Natural birth units 'putting mothers at risk'
HUNDREDS of pregnant women are exposed to avoidable risk each year by having their babies in midwife-only "natural" birth units, a new report has revealed.
Up to a third of expectant mothers are rushed at the last minute to doctor-led labour suites because midwife-run wards cannot deal with medical complications or provide sufficient pain relief.
The problems are most likely to affect first-time mothers, and some women suffered "unacceptable" delays of up to 13 hours transferring between units because of hold-ups with organising ambulances, according to the research.
Interest in "natural" childbirth has increased in recent years and many maternity hospitals now offer the choice of a unit run by midwives, free of doctors, and offering minimal pain relief. The trend has been driven by concern over increasing rates for caesareans and other medical interventions.
But research by the Scottish Programme for Clinical Effectiveness in Reproductive Health suggests women are not receiving sufficient advice about the rigours and risks of childbirth.
Dr Gillian Penney, director of the programme and one of Scotland's leading maternity experts, has examined outcomes at all 22 midwife-led units in nine health board areas across Scotland. The research was conducted in 2005 and has taken two years to analyse.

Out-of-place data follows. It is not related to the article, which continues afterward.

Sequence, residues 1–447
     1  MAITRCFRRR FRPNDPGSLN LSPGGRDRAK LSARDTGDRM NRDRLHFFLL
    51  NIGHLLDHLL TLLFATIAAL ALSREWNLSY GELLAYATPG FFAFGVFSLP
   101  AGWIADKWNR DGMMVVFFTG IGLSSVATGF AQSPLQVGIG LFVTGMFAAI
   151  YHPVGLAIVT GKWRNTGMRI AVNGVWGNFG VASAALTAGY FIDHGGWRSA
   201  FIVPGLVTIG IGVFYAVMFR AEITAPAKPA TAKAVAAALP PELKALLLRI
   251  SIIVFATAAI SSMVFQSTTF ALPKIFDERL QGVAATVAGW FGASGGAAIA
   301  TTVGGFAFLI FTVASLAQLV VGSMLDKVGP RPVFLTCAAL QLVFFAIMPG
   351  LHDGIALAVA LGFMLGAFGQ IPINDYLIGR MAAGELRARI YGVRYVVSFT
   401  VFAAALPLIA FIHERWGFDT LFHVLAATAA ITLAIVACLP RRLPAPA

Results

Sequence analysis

Penney's audit shows that 31% of 627 first-time mothers who were admitted to midwife-units were transferred during labour, or shortly after giving birth, with rates as high as 65% in one hospital, the Vale of Leven District General Hospital in Argyll and Clyde. This compared with a 9% transfer rate among women who had already had children.
The researchers also found "unacceptable" delays for many women who were moved between midwife-led and traditional units, an average of two-and-a-half hours. One woman had to wait more than 13 hours.
Penney's report is backed by figures released by health boards to Scotland on Sunday under Freedom of Information legislation.
They show that over the past three years, between 13% and 40% of women have been transferred from midwife-led units to doctor-led units.
Penney said that midwife-led units make a valuable contribution to maternity services but that pregnant women needed to be told of the risks.
She said: "Nearly one-third of first-time mothers had a really traumatic experience of being transported in labour. If I thought I had a one-in-three chance of being transferred in labour by ambulance I would not want to expose myself to that risk. But there are women who are willing to do that. If they make that choice, understanding these figures, they are free to do so.
"But they should be given the full information to inform their choice. It is more psychologically traumatic rather than dangerous, so it's about making that choice to expose herself to an experience that may be at best unpleasant and psychologically damaging to her."
One mother, who asked not to be named, told of her experience in the midwife-led unit of a major hospital when she gave birth to her first child. When her labour failed to progress she was sent to the consultant-led ward, a move that she says left her bitterly disappointed.